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Gilead HIV Drugs Unnecessarily Toxic, Lawsuit Claims

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According to allegations raised in a recently filed lawsuit, the Gilead HIV drugs Truvada, Viread, Atripla, Complera and Stribild are unnecessarily toxic, causing a number of plaintiffs to suffer various kidney and bone injuries.

The complaint (PDF) was filed in California Superior Court on December 30, on behalf of Glen Roske, Richard Wollschleager, Anna Eversole and Johnene Barras. Gilead Sciences is named as a defendant in the case, together with a number of unnamed corporations and individuals.

Each of the plaintiffs indicate that they suffered side effects from Gilead HIV drugs, which all contain the antiviral tenofovir disoproxil fumarate (TDF), which is toxic to the kidneys and bones, resulting in acute kidney injuries, chronic kidney disease, kidney failure, bone fractures, dental injuries and other complications associated with bone density loss.

According to the lawsuit, Gilead has known for years that a less toxic version of the drugs could be developed, involving the antiviral tenofovir alafenamide fumarate (TAF), yet the drug maker withheld the safer alternative for years, until the patent protections expired on TDF drugs and generic equivalents were introduced.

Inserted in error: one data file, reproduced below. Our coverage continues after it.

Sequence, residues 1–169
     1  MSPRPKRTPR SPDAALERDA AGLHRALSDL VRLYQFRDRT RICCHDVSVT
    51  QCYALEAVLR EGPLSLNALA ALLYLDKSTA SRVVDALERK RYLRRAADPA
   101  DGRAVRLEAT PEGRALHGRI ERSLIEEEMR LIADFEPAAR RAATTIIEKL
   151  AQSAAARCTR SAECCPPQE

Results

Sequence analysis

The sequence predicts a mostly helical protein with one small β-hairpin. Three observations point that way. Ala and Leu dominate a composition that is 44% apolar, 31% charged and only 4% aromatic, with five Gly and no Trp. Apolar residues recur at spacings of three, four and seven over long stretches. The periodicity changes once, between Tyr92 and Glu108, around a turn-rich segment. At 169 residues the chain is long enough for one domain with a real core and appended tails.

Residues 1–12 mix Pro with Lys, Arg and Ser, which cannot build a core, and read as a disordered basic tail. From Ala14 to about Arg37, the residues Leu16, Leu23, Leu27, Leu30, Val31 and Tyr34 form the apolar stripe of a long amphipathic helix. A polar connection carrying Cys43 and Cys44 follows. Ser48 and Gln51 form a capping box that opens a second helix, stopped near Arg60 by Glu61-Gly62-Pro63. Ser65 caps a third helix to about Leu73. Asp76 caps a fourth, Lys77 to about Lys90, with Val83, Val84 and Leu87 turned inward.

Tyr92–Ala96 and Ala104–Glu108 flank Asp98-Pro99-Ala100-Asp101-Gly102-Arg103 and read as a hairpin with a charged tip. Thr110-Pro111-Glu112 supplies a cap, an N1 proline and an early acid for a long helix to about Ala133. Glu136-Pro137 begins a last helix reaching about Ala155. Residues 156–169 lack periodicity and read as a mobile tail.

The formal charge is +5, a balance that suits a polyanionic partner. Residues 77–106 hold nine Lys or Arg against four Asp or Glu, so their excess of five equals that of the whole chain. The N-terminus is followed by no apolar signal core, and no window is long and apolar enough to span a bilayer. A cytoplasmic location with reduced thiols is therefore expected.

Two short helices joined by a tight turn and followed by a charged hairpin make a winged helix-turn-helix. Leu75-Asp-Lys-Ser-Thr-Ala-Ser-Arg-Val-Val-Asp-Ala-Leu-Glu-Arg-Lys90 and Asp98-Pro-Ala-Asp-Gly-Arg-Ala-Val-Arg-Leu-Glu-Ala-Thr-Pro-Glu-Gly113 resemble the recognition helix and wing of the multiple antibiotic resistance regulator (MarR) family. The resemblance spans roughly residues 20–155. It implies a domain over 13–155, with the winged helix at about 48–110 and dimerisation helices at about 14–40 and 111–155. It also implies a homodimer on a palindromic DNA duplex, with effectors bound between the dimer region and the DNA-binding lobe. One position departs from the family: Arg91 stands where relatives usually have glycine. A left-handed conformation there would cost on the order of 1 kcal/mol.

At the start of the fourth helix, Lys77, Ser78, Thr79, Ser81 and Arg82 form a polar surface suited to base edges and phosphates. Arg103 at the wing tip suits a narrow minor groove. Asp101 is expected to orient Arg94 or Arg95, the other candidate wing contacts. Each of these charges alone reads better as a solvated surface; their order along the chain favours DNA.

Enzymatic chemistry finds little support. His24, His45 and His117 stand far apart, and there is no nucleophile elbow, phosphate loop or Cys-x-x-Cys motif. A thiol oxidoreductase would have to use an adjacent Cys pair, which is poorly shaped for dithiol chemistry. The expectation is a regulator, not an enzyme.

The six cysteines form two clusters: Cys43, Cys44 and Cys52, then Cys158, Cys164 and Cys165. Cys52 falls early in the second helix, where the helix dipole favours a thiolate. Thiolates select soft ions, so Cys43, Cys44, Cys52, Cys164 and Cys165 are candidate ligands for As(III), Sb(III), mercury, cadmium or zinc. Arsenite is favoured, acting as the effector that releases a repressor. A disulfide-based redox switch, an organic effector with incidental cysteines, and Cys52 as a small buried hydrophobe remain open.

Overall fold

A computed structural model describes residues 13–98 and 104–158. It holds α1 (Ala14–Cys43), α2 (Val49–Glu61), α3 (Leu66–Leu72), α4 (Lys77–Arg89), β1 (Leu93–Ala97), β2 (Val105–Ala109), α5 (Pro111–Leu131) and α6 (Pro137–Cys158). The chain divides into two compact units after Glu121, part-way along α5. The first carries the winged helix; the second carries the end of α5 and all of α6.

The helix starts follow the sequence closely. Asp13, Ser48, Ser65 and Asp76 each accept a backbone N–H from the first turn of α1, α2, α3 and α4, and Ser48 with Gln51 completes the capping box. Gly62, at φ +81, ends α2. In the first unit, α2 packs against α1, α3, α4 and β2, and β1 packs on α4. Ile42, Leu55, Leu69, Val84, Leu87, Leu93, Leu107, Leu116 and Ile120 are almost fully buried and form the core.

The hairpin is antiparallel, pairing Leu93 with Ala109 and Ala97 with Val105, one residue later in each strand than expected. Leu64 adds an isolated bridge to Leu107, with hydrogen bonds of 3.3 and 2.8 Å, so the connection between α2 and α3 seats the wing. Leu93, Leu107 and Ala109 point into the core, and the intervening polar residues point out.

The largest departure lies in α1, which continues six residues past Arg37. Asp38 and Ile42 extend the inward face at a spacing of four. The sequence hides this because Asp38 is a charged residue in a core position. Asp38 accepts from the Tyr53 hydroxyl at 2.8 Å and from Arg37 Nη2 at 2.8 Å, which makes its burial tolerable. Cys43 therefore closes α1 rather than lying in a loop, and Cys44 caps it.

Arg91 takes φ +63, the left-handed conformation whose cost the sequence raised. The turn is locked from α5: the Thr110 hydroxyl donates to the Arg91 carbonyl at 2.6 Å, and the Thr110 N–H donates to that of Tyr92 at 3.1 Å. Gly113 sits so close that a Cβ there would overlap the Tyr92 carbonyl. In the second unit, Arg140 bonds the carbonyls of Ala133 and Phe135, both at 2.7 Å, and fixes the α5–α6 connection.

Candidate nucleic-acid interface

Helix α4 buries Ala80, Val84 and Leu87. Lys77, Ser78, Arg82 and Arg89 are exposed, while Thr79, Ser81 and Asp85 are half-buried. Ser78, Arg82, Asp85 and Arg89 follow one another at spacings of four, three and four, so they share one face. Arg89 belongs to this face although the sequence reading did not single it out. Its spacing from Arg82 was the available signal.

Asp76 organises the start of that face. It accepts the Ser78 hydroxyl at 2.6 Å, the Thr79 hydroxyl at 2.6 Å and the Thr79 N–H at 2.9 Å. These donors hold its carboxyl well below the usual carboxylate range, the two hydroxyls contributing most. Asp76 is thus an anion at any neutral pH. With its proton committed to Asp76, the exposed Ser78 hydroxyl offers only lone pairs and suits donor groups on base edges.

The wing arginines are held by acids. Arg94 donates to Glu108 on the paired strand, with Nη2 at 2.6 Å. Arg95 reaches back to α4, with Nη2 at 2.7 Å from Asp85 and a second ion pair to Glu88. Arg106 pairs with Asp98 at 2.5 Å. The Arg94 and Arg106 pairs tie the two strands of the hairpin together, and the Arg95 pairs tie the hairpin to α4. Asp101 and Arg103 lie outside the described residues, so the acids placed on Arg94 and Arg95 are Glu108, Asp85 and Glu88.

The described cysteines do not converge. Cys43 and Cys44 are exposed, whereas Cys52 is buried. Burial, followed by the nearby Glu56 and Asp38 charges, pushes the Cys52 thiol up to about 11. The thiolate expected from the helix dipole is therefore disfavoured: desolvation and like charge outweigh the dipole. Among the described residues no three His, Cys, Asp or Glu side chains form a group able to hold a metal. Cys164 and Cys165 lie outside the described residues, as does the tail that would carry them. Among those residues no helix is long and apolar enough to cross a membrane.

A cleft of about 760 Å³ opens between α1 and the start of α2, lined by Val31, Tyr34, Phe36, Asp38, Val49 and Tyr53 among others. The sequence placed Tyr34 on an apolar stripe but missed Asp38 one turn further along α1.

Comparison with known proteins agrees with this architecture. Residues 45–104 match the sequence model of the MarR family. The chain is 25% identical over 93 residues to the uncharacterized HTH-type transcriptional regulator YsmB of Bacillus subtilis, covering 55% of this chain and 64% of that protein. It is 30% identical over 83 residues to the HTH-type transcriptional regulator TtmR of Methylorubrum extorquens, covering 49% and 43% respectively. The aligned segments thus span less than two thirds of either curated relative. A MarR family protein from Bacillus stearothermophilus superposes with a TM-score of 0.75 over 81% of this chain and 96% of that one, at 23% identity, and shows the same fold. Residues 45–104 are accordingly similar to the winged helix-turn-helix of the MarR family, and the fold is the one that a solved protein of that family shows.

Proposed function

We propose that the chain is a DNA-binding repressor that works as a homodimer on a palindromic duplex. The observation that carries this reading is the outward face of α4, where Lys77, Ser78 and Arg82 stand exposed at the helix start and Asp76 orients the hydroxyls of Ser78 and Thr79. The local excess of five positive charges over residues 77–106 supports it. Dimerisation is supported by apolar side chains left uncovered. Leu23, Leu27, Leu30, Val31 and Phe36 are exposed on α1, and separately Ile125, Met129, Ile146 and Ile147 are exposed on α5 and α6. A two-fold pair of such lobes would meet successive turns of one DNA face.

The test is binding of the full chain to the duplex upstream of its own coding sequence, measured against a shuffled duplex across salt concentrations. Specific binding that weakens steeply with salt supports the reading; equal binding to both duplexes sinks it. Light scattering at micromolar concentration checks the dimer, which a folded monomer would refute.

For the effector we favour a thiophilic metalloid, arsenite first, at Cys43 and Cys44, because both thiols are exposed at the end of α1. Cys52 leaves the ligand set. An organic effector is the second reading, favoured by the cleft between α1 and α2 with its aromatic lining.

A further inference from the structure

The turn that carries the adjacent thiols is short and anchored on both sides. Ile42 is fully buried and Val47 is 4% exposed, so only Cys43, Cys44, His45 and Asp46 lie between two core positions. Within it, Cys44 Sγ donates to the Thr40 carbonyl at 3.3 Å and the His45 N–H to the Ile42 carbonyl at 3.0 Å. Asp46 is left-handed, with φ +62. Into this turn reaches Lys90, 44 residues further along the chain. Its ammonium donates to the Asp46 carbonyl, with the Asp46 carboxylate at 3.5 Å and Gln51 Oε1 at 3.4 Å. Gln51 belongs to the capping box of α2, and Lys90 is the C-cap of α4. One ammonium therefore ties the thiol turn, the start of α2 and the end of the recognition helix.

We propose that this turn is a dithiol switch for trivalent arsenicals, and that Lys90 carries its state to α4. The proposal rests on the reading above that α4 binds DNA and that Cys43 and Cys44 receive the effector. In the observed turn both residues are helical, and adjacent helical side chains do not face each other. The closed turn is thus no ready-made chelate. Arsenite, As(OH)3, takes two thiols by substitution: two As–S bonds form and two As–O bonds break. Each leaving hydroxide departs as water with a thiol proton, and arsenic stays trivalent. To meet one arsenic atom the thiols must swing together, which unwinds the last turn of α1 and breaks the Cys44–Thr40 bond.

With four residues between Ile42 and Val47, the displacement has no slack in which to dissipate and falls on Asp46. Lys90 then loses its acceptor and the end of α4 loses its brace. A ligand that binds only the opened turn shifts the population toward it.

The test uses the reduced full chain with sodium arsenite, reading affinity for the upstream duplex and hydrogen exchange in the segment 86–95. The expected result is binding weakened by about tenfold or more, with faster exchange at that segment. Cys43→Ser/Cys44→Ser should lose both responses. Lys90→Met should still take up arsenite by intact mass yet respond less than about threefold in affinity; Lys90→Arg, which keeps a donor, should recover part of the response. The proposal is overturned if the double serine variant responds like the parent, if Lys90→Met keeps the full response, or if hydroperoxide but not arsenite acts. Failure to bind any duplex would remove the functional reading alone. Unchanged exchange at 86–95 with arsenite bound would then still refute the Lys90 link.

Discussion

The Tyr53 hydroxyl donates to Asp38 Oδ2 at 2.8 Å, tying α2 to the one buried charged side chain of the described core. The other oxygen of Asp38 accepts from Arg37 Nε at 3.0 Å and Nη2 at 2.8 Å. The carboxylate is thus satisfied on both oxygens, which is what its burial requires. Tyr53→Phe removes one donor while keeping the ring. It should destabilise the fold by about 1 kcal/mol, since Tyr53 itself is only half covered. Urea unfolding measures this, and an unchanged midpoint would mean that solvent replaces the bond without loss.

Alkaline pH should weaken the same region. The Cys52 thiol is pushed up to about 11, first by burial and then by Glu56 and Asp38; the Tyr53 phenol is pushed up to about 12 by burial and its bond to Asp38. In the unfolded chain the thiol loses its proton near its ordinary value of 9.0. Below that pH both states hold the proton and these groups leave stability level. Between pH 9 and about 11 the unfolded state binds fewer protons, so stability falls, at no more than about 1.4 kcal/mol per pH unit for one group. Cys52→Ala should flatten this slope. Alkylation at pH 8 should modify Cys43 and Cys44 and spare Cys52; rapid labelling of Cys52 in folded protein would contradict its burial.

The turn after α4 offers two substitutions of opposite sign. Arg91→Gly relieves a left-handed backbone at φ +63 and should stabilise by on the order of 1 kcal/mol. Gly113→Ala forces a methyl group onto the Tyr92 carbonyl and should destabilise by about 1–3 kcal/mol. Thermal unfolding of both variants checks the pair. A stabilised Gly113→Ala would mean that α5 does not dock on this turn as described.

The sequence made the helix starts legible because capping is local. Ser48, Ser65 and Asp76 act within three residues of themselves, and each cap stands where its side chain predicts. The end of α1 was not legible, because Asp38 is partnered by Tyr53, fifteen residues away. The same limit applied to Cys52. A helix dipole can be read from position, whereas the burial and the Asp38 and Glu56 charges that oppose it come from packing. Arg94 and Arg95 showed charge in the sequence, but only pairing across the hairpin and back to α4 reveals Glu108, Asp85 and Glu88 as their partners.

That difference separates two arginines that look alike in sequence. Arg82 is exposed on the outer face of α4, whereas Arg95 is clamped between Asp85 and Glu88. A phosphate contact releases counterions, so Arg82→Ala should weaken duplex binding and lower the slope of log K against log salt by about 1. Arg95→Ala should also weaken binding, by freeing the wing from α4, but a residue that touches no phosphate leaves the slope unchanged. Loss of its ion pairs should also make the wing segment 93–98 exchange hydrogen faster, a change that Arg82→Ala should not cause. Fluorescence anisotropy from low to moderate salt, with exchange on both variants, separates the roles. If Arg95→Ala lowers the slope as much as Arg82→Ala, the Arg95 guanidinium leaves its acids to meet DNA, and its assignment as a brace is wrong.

“Beginning in 2001, Gilead manufactured and sold prodrug form of tenofovir called tenofovir disoproxil fumarate, or TDF. Unbeknownst to Plaintiffs and the general public, Gilead had also developed another prodrug form of tenofovir called tenofovir alafenamide fumarate, or TAF, which it knew to be more efficacious and less toxic to kidneys and bones,” the lawsuit states. “Yet, despite knowing of the disparity in safety between TAF and TDF, Gilead shelved the TAF project in 2004 to artificially and unreasonably maximize profits on the existing TDF patent.”

The company did not begin to sell TAF-designed drugs until 2015, plaintiffs point out, which extended Gileads essential monopoly on HIV treatments until 2032. TDF drug patents began expiring last year. While generic versions have been introduced, Gilead now markets TAF drugs as a safer and superior alternative, preserving the profits generated from the brand-name medications.

Plaintiffs indicate that they have suffered various injuries to kidneys, bones and teeth, which could have been prevented if the safer TAF versions of the drug had been introduced earlier. They present claims of negligence, strict product liability, breach of warranties and fraud and concealment.

Gilead Sciences currently faces several other complaints in different U.S. District Courts, which involve hundreds of plaintiffs, each raising similar allegations that consumers and the medical community have not been adequately warned about the potentially toxic side effects of TDF drugs used for treatment of HIV.

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